|Review of the first revision of the manuscript „Rainfall retrieval algorithm for commercial microwave links: stochastic calibration“ by Wolff et al.|
The authors have provided a substantial major revision. They have redone their analysis according to my suggestions and have updated the manuscript. The updated analysis did not change the results much, but the methodology is now much more sound. My only complain is that the newly added text is often not of good quality and hence should be revised carefully. In summary, I only have some minor and specific comments that can be addressed in a minor revision.
1. The impact of false-positives and false-negatives that results from the wet-dry classification could be discussed in more detail. Besides providing optimized RAINLINK parameters, this manuscript also shows the sensitivity of the wet-dry classification to its parameters. Most important, it also shows the challenge of wet-dry classification and its limitations, i.e. there is still a significant number of false positives and false negatives even after optimisation. This is important information and hence should be pointed out more clearly. See also my comment on section 3.2.1.
2. I am missing a table with the optimised parameters so that they are quickly to grasp. Maybe this info could just be added to table 1 and table 2. Or the optimised parameters could be shown together with their performance metrics in comparison to the default values and those from other RAINLINK calibrations. The later option might be hard to put into one table without making it confusing, though.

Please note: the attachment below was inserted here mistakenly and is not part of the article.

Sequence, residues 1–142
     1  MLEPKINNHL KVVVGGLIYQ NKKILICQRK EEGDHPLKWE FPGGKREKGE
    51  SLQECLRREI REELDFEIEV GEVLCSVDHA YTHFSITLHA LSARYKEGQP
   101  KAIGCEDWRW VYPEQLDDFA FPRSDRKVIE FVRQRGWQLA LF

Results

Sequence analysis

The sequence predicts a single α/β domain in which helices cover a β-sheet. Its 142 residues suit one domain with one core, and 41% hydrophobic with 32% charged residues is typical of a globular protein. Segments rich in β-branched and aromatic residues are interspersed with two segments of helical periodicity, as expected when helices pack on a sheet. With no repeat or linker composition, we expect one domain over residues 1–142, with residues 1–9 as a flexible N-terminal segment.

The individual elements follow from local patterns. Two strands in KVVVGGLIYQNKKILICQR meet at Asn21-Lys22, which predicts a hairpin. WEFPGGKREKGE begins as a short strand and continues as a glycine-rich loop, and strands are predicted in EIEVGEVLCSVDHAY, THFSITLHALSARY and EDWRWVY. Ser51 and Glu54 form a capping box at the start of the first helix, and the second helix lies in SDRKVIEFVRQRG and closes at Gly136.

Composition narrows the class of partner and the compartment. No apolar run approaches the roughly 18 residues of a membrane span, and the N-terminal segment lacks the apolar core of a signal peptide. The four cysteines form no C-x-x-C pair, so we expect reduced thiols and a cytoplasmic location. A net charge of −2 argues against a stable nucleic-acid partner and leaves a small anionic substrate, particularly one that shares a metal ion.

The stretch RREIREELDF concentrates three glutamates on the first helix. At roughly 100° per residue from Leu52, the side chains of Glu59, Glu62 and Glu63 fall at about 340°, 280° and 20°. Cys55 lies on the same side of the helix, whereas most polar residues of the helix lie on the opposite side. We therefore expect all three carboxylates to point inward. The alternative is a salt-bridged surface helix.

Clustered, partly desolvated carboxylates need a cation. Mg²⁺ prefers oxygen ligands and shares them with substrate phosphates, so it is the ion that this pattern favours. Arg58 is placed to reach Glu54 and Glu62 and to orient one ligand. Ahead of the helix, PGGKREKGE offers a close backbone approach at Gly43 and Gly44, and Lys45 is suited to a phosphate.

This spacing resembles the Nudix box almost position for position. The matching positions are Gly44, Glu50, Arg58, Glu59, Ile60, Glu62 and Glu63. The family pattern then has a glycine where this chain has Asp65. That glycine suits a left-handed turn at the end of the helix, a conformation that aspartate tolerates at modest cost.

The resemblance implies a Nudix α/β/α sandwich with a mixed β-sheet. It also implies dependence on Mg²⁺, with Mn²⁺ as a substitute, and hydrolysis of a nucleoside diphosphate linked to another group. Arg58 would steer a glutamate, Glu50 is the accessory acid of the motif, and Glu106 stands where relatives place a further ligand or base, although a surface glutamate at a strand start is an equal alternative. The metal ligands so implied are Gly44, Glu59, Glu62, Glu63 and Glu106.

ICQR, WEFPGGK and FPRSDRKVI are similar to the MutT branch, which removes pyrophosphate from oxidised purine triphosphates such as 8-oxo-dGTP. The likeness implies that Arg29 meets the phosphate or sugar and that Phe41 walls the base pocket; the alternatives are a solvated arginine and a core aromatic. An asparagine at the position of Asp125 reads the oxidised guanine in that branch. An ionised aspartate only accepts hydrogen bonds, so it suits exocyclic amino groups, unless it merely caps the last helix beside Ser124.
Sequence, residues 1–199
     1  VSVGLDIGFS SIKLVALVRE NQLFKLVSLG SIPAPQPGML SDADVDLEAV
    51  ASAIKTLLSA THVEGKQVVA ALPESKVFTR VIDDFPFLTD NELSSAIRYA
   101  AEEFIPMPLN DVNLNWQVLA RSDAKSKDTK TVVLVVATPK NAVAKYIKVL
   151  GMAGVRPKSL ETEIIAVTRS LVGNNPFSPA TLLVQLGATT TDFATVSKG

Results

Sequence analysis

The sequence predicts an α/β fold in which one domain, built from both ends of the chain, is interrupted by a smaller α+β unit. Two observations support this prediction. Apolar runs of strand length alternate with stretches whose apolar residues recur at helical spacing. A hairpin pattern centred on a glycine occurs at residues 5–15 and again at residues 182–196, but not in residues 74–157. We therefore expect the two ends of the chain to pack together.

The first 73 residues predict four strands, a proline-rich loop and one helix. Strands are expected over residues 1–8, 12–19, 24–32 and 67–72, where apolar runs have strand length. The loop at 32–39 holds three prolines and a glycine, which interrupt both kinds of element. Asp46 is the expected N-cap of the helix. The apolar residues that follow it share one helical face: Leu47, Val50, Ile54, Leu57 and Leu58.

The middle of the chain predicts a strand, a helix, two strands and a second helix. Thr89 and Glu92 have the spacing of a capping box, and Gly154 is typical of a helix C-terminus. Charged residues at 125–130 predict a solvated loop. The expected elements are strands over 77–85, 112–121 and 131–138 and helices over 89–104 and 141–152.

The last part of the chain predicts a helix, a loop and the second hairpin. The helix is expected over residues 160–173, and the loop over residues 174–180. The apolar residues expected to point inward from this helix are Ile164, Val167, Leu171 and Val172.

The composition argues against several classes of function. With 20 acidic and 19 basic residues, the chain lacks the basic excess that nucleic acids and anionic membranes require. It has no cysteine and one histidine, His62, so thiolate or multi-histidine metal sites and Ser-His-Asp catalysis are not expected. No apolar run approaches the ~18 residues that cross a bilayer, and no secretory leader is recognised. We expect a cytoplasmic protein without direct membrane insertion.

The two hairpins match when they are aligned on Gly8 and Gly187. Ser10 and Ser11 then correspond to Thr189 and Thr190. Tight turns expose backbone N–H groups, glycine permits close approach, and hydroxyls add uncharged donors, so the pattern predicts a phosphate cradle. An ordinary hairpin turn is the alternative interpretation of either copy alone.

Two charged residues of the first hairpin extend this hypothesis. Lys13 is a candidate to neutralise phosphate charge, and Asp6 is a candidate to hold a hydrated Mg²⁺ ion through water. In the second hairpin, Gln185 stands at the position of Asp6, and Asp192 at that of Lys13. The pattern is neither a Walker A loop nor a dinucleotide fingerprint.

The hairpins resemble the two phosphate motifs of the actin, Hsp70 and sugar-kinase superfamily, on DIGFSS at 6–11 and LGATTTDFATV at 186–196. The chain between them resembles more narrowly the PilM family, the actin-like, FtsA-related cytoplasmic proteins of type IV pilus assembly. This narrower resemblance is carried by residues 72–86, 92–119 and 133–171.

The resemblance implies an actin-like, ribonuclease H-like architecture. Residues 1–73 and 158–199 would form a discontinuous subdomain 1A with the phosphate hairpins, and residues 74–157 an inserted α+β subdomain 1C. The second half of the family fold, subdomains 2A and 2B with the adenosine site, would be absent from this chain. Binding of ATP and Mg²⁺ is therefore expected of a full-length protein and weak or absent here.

Specific comments (line numbers refer to the diff version):
L19-23: This still sounds as if there is an ongoing decline of rain gauges that is evident from the data availability plot of GPCC. Writing that the GPCC database "underwent a decline" sounds as if GPCC would get less and less data. From how I understand the last GPCC report that I referenced in my last review, this is not true. There is a constant increase of data. The largest portion arrives at irregular intervals and with large delay, though. There might be a global decrease of rain gauges which are in operation, but the GPCC data availability plot cannot be used to deduce such a trend. I suggest to reformulate this section once more.
L62: I would not say that "data-driven solutions are not feasible for places or countries without sufficient reference data". The training can, of course, only be carried out in regions with sufficient reference data. But the trained methods, like the ones in the references that you cite, can potentially be used with data from any region. Transferability can be questioned, though. But this is also true for most other CML processing methods which are typically developed with data from only one climatological region. The big disadvantage I see with data-driven solution is that you cannot readjust them to a new dataset just be tuning two or three parameters. I suggest to slightly rephrase this new section.
L85: This new sentence is hard to understand. Please reformulate and/or split into two sentences.
L94: the part "..., also we..." does not sound like correct English to me. Anyway, a new sentence could be started here.
L176: My question from the last review is still not answered: "How is this relative importance related to the parameter range that was selected?" Let's say, you select a too small parameter range because you do not yet know the sensitivity. Then the "relative partial effect", which as far as I understand, will depend on the absolute step size, which will be very small for the too small parameter range. So my question is not, what is the relative step size, but how the parameter range, which influences the absolute steps size, could impact the importance of a parameter in this analysis.